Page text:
Using it on Non Generic Collections

Use Cinchoo.Core.Collection namespace.

Sample 3: Here we will see how to use it on ArrayList object

Below sample iterates over ArrayList object by two threads simultaneously.

static void Main(string[] args)
{
    object syncRoot = new object();
    ArrayList symbols = new ArrayList();

    for (int x = 0; x < 5; x++)
        symbols.Add(String.Format("ZITEM{0}", x));

    ManualResetEvent evt = new ManualResetEvent(false);
    for (int z = 0; z < 2; z++)
    {
        ThreadPool.QueueUserWorkItem((state) =>
            {
                Thread.CurrentThread.Name = String.Format("Thread_{0}", state);
                evt.WaitOne();
                int counter = 0;
                foreach (string symbol in new ChoSynchronizedEnumerator(symbols, syncRoot))
                {
                    Console.WriteLine("{0}. {1} -- {2}", ++counter, symbol, Thread.CurrentThread.Name);
                }
            }, z);
    }

    evt.Set();
    Console.WriteLine("Press any key to continue...");
    Console.ReadLine();
}

When you run the above code, you will see the output consistently all the time as below. In a non-synchronous model, the output will product unpredictable sequence of results.

1. ZITEM0 -- Thread_0
2. ZITEM1 -- Thread_0
3. ZITEM2 -- Thread_0
4. ZITEM3 -- Thread_0
5. ZITEM4 -- Thread_0
1. ZITEM0 -- Thread_1
2. ZITEM1 -- Thread_1
3. ZITEM2 -- Thread_1
4. ZITEM3 -- Thread_1
5. ZITEM4 -- Thread_1
Press any key to continue . . .

Sample 4: Here we will see how to use it on Hashtable object,

Below sample iterates over Hashtable object by two threads simultaneously.

static void Main(string[] args)
{
    object syncRoot = new object();
    Hashtable dict = new Hashtable();

    for (int x = 0; x < 5; x++)
        dict.Add(x, String.Format("VALUE{0}", x));

    ManualResetEvent evt = new ManualResetEvent(false);
    for (int z = 0; z < 2; z++)
    {
        ThreadPool.QueueUserWorkItem((state) =>
            {
                Thread.CurrentThread.Name = String.Format("Thread_{0}", state);
                evt.WaitOne();
                foreach (DictionaryEntry dictEntry in new ChoSynchronizedEnumerator(dict, syncRoot))
                {
                    Console.WriteLine("{0}. {1} -- {2}", dictEntry.Key, dictEntry.Value, Thread.CurrentThread.Name);
                }
            }, z);
    }

    evt.Set();
    Console.WriteLine("Press any key to continue...");
    Console.ReadLine();
}

When you run the above code, you will see the output consistently all the time as below. In a non-synchronous model, the output will product unpredictable sequence of results.

4. VALUE4 -- Thread_0
3. VALUE3 -- Thread_0
2. VALUE2 -- Thread_0
1. VALUE1 -- Thread_0
0. VALUE0 -- Thread_0
4. VALUE4 -- Thread_1
3. VALUE3 -- Thread_1
2. VALUE2 -- Thread_1
1. VALUE1 -- Thread_1
0. VALUE0 -- Thread_1
Press any key to continue . . .

PS: Please be careful about using this enumerator, you must dispose the enumerator to order to avoid contention, deadlock issues.

Cinchoo – ChoConstraintEnumerator

ChoConstraintEnumerator

This is one another custom enumerator that Cinchoo framework provides. ChoConstraintEnumerator is a custom enumerator iterates over collection items matches the passed constraint logic.

How to use

1. Add reference to Cinchoo.Core.dll assembly

2. Namespace Cinchoo.Core.Collections.Generic or Cinchoo.Core.Collections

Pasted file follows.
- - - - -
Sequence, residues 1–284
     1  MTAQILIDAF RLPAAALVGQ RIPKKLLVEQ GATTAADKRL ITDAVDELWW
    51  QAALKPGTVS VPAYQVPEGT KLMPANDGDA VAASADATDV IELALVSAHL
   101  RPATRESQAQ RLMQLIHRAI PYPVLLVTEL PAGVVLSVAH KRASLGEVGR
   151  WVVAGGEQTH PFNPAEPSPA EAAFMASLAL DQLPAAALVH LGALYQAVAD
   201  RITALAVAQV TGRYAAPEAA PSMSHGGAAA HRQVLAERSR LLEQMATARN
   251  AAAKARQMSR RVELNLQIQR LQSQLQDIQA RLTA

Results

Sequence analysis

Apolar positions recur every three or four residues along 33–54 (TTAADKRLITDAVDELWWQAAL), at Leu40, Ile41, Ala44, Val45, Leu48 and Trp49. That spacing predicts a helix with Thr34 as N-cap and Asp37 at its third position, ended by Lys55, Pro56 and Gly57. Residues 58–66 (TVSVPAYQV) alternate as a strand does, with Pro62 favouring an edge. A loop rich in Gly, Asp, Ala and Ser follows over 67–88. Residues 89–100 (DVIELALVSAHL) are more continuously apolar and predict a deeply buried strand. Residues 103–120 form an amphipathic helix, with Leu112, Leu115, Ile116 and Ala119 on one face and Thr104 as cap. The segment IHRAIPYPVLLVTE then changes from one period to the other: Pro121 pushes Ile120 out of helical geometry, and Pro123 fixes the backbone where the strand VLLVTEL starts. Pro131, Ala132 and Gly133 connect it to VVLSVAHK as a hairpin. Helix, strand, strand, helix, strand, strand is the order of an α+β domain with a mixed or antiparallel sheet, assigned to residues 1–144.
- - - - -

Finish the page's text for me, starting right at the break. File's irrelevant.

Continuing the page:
Using it on Generic Collections

Use Cinchoo.Core.Collection.Generic namespace.

Sample 1: Here we will see how to use it on List<> object, matches items having value 3 or 5

static void Main(string[] args)
{
    List<string> symbols = new List<string>();

    for (int x = 0; x < 7; x++)
        symbols.Add(String.Format("ITEM{0}", x));

    int counter = 0;
    foreach (string symbol in new ChoConstraintEnumerator<string>(symbols, (x) => x.EndsWith("3") || x.EndsWith("5")))
    {
        Console.WriteLine("{0}. {1}", ++counter, symbol);
    }
}

When you run the above code, the output will be

1. ITEM3
2. ITEM5
Press any key to continue . . .

Sample 2: Here we will see how to use it on Dictionary<> object, matches items having key either 3 or 5

static void Main(string[] args)
{
    Dictionary<int, string> dict = new Dictionary<int, string>();

    for (int x = 0; x < 7; x++)
        dict.Add(x, String.Format("VALUE{0}", x));

    foreach (KeyValuePair<int, string> keyValue in new ChoConstraintEnumerator<KeyValuePair<int, string>>(dict, (x) => x.Key == 3 || x.Key == 5))
    {
        Console.WriteLine("{0}. {1}", keyValue.Key, keyValue.Value);
    }
}

When you run the above code, the output will be

3. VALUE3
5. VALUE5
Press any key to continue . . .

Using it on Non Generic Collections

Use Cinchoo.Core.Collection namespace.

Sample 3: Here we will see how to use it on ArrayList object, matches items having value 3 or 5

static void Main(string[] args)
{
    ArrayList symbols1 = new ArrayList();

    for (int x = 0; x < 7; x++)
        symbols1.Add(String.Format("ZITEM{0}", x));

    int counter1 = 0;
    foreach (object symbol in new ChoConstraintEnumerator(symbols1, (x) => x.ToString().EndsWith("3") || x.ToString().EndsWith("5")))
    {
        Console.WriteLine("{0}. {1}", ++counter1, symbol);
    }
}

When you run the above code, the output will be

1. ZITEM3
2. ZITEM5
Press any key to continue . . .

Sample 4: Here we will see how to use it on Hashtable object, matches items having key either 3 or 5

static void Main(string[] args)
{
    Hashtable hash = new Hashtable();

    for (int x = 0; x < 7; x++)
        hash.Add(x, String.Format("VALUE{0}", x));